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AuthorsBalcone-Boissard, H.* 
Baker, D. R.* 
Villemant, B.* 
Boudon, G.* 
TitleF and Cl diffusion in phonolitic melts: Influence of the Na/K ratio
Issue Date2008
Subject Classification04. Solid Earth::04.08. Volcanology::04.08.02. Experimental volcanism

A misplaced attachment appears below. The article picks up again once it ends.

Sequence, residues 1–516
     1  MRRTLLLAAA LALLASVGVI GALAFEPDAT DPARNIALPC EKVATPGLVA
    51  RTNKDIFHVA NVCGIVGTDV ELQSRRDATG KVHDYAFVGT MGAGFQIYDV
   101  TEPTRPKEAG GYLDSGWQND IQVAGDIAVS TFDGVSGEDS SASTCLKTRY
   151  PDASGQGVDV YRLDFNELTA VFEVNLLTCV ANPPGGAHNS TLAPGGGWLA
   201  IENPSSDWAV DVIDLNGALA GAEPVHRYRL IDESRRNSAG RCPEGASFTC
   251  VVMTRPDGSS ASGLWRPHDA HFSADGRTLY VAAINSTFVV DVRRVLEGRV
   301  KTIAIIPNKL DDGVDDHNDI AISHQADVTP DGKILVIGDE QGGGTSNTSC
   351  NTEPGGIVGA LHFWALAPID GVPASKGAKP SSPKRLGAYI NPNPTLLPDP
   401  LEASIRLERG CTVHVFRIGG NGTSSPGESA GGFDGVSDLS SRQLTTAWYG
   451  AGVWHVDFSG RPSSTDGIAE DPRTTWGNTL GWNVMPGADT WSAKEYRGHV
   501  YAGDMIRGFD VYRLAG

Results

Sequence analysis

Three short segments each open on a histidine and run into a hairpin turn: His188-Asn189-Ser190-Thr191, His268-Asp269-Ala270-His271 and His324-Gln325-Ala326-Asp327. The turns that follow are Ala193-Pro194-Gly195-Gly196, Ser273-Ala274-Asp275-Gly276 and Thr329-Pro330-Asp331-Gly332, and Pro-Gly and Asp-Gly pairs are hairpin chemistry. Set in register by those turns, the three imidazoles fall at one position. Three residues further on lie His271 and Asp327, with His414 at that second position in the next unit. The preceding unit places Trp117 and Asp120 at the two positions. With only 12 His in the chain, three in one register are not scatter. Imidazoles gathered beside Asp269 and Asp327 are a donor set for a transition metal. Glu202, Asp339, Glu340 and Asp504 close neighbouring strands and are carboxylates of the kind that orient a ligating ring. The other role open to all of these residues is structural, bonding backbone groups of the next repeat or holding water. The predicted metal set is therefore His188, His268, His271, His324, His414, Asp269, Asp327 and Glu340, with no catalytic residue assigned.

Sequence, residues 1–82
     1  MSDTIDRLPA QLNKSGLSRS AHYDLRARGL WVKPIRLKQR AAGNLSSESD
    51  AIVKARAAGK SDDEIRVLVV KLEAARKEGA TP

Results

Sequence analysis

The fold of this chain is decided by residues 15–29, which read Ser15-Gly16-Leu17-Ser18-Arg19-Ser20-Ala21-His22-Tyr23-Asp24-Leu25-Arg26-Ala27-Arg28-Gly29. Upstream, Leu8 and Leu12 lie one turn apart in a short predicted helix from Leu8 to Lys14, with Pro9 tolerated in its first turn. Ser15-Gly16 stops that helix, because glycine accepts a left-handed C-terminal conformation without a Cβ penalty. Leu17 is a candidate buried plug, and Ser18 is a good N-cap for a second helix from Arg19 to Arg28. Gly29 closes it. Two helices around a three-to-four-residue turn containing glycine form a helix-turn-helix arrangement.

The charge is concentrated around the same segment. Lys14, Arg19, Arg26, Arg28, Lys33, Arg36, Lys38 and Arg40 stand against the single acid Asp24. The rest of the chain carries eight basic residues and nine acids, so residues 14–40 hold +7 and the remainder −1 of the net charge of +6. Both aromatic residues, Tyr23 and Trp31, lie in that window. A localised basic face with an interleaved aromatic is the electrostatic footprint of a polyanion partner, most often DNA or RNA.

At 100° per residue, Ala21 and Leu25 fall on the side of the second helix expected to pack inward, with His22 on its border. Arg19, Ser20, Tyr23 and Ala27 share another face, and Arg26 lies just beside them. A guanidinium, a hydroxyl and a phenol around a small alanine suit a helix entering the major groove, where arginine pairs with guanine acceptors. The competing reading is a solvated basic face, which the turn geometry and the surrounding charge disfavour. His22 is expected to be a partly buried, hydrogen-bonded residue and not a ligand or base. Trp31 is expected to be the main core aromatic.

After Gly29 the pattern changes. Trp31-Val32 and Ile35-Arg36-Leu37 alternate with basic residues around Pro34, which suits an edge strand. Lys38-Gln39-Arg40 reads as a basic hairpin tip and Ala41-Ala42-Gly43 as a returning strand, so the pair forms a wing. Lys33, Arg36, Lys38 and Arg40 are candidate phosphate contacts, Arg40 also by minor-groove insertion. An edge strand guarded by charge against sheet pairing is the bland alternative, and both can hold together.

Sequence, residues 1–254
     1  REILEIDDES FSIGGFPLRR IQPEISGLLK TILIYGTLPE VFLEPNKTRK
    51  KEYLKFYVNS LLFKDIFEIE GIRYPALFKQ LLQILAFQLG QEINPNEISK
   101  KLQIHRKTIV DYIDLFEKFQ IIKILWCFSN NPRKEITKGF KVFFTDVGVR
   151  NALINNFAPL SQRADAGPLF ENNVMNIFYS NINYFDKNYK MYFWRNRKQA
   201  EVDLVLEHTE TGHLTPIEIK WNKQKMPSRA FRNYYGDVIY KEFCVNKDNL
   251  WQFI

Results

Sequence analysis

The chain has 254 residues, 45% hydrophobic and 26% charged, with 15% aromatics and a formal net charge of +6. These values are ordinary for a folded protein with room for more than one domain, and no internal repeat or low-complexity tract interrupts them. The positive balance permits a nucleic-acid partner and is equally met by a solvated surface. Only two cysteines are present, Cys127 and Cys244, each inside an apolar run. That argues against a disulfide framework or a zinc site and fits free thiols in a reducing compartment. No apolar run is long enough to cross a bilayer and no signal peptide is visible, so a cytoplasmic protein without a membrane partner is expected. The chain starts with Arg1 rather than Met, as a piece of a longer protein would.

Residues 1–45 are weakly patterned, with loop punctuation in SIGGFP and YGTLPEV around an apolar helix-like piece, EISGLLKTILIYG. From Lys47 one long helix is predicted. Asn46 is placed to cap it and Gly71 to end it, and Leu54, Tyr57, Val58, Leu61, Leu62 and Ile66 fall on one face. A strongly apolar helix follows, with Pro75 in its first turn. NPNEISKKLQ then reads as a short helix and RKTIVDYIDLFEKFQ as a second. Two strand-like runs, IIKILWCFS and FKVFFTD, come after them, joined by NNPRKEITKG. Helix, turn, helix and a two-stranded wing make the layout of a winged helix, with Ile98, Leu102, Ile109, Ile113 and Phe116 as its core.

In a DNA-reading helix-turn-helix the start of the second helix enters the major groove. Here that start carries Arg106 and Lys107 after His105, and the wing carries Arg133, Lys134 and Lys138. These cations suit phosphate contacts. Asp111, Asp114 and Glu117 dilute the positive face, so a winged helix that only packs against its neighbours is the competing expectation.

AbstractFluorine and chlorine diffusion were measured in two natural phonolitic melts, from Vesuvius (Italy) and from Laacher See (Germany), at 0.5 and 1.0 GPa, between 1250 and 1450 °C at anhydrous conditions and with about 2 and 5 wt.% of dissolvedwater. The two different startingmaterials allowus to investigate the alkali effect,Na vs. K, on halogen diffusion.One compositionwas a K-rich (~10wt.%) phonoliticmelt corresponding to thewhite pumice phase of the 79ADeruption of Vesuvius, and the other aNa-rich (~10 wt.%) phonoliticmelt corresponding tomost differentiated melt of the 12,000 BC eruption of Laacher See. The diffusion-couple technique in a piston cylinder was used for the experiments. Experiments were performed with only one halogen diffusing and with the simultaneous diffusion of a halogenmixture (F, Cl, Br) in order to evaluate the interactions between the halogens during diffusion. Diffusion coefficients for F range between 2×10−11m2/s at 1250 °C and 7×10−11m2/s at 1450 °C for the Na-rich melt and between 1×10−11 m2/s at 1250 °C and 8×10−11 m2/s at 1450 °C for the K-rich melt at anhydrous conditions. Diffusion coefficients for Cl range between 2×10−12 m2/s at 1250 °C and 1×10−11 m2/s at 1450 °C for theNa-richmelt and between 7×10−12m2/s at 1250 °C and 2×10−11m2/s at 1450 °C for the K-richmelt at anhydrous conditions. Fluorine diffusivity is higher than Cl in the Na-rich-phonolitic melt by one order of magnitude,whereas in the K-rich-phonoliticmelt F and Cl diffusivities are similar. The effect ofwater is significant for Cl in both Na-rich and K-rich melts: the addition of water enhances Cl diffusivity by up to one order of magnitude, butwater does not significantly affect F diffusion. F and Cl diffusivities always differ fromone another in the same phonoliticmelt composition. F diffusivities are similar in both compositions. Conversely, Cl diffusion depends upon the dominant alkali. These results evidence that halogen diffusivitymay represent a limiting factor for their degassing during rapid syneruptive decompression and vesiculation of H2O-rich-phonolitic melts. The contrasting volatile diffusivities of F and Cl in silicate melts duringmagma vesiculation may be a key, controlling factor of the composition of the vapour phase (bubbles) produced. Such diffusion controlled degassingmodelmay explain the absence of F and Cl degassing observed during the 79AD eruption of Vesuvius.
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